Enteral amino acid and protein digestion, absorption, and metabolism

David K. Rassin, Karen Shattuck

Research output: Chapter in Book/Report/Conference proceedingChapter

3 Citations (Scopus)

Abstract

The amino acid requirements of neonates continue to be an area of investigation despite numerous studies, due to the complexity of determining these requirements within the ever-changing biochemical environment of the developing infant. In the following discussion some of the issues related to digestibility and absorption, special aspects of development as they impact on requirements-including aminoacid metabolismandinfant responses toaminoacid variations in the diet-will be addressed. Protein is often assessed for its function in infant nutrition based on its role in supporting growth. However, protein is responsible for supplying some 20 individual amino acids with a variety of specific functions, as well as serving as precursors for a number of biologically active proteins (for example enzymes, cytokines, and immunoglobulins) that have more complex roles than to merely supply the amino acid building blocks for the body’s proteins.1The major conundrum in determining protein requirements for infants is that human milk proteins are fundamentally different than the proteins supplied in various substitution formulas. Human milk is perfectly satisfactory nutrition for the healthy term infant (and is also usually satisfactory for preterm infants when supplemented with additional nutrients to support the greater requirements of these infants). Thus, the determination of infant protein requirements is often an exercise in comparing human milk protein nutriture to various possible substitutes (adapted cow milk or soy proteins, usually).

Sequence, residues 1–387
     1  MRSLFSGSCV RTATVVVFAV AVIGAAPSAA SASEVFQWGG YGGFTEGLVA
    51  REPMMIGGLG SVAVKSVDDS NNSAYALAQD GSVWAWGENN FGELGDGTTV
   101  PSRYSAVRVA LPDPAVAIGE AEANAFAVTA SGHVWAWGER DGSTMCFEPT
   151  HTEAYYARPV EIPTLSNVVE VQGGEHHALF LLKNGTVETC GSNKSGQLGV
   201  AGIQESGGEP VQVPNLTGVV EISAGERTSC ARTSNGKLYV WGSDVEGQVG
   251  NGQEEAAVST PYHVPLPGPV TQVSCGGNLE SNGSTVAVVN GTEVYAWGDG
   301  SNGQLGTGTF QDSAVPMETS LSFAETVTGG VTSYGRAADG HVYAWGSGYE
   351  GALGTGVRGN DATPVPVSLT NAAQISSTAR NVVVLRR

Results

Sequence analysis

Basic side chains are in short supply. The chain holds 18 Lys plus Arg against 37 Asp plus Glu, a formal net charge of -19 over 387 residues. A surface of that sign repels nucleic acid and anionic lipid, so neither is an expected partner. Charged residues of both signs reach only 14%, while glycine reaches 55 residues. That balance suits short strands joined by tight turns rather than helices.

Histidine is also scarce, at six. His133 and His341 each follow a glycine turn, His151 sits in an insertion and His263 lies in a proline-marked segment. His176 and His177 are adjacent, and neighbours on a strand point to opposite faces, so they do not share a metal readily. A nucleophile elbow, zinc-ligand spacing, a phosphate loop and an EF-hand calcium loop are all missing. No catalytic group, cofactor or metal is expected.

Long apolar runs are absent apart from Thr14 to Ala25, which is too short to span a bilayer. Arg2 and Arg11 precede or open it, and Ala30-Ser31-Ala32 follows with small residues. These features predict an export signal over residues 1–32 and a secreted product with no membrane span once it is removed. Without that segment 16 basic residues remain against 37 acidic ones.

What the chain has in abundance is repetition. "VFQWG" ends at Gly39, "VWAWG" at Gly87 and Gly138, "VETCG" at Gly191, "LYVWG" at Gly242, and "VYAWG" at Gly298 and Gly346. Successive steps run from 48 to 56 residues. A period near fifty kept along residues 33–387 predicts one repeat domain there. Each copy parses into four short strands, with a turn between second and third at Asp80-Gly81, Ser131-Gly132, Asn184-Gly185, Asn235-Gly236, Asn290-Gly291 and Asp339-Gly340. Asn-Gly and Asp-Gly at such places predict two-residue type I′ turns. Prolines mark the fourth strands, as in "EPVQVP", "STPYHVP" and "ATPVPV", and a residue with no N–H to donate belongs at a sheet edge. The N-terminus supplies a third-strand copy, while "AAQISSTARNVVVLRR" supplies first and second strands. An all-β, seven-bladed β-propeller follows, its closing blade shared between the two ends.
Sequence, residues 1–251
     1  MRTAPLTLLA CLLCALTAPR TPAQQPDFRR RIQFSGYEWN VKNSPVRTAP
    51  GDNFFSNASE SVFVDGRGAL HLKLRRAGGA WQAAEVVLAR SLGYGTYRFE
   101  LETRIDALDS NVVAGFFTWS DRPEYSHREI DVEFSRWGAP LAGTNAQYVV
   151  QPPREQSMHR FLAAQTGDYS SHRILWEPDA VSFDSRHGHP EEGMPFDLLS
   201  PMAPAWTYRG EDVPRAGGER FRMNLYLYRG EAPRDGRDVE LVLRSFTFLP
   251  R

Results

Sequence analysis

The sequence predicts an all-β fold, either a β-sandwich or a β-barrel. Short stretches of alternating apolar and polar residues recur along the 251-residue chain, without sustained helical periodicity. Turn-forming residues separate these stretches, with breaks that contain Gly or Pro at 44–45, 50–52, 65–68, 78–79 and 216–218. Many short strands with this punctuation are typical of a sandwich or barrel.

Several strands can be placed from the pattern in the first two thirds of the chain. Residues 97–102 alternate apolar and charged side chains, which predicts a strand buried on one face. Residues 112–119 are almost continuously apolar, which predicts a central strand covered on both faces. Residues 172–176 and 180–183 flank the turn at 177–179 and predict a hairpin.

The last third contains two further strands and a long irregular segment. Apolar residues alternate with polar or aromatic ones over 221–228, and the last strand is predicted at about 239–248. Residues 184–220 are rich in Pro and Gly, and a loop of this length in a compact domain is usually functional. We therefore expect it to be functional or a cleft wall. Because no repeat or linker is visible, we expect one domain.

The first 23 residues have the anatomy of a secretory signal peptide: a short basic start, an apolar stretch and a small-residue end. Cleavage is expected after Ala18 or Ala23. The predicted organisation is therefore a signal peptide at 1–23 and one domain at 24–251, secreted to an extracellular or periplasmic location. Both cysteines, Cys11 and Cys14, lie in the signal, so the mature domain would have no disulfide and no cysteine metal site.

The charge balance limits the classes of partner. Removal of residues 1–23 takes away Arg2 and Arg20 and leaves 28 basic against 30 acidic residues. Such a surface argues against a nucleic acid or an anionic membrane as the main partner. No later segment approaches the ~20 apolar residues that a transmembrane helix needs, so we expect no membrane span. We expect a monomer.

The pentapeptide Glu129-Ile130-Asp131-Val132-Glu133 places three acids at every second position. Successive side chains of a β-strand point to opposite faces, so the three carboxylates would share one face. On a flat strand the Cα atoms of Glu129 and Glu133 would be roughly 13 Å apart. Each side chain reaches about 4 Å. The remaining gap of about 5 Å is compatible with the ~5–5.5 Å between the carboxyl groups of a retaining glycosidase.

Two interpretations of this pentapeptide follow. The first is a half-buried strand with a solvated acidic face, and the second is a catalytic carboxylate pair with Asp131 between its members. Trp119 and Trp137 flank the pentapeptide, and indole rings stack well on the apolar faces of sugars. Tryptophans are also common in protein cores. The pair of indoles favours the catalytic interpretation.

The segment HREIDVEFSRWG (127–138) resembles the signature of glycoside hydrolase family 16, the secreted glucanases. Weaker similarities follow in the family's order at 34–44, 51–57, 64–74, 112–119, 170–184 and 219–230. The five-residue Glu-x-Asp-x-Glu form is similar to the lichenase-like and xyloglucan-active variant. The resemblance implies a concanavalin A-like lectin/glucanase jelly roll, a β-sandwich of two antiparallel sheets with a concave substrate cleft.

Original languageEnglish (US)
Title of host publicationNeonatal Nutrition and Metabolism, Second Edition
PublisherCambridge University Press
Pages332-339
Number of pages8
Volume9780521824552
ISBN (Print)9780511544712, 0521824559, 9780521824552
DOIs
StatePublished - Jan 1 2006

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Proteolysis
Small Intestine
Amino Acids
Milk Proteins
Human Milk
Proteins
Soybean Proteins
Premature Infants
Immunoglobulins
Newborn Infant
Exercise
Cytokines
Diet
Food
Enzymes
Growth

ASJC Scopus subject areas

  • Medicine(all)

Cite this

Rassin, D. K., & Shattuck, K. (2006). Enteral amino acid and protein digestion, absorption, and metabolism. In Neonatal Nutrition and Metabolism, Second Edition (Vol. 9780521824552, pp. 332-339). Cambridge University Press. https://doi.org/10.1017/CBO9780511544712.022

Enteral amino acid and protein digestion, absorption, and metabolism. / Rassin, David K.; Shattuck, Karen.

Neonatal Nutrition and Metabolism, Second Edition. Vol. 9780521824552 Cambridge University Press, 2006. p. 332-339.

Research output: Chapter in Book/Report/Conference proceedingChapter

Rassin, DK & Shattuck, K 2006, Enteral amino acid and protein digestion, absorption, and metabolism. in Neonatal Nutrition and Metabolism, Second Edition. vol. 9780521824552, Cambridge University Press, pp. 332-339. https://doi.org/10.1017/CBO9780511544712.022
Rassin DK, Shattuck K. Enteral amino acid and protein digestion, absorption, and metabolism. In Neonatal Nutrition and Metabolism, Second Edition. Vol. 9780521824552. Cambridge University Press. 2006. p. 332-339 https://doi.org/10.1017/CBO9780511544712.022
Rassin, David K. ; Shattuck, Karen. / Enteral amino acid and protein digestion, absorption, and metabolism. Neonatal Nutrition and Metabolism, Second Edition. Vol. 9780521824552 Cambridge University Press, 2006. pp. 332-339
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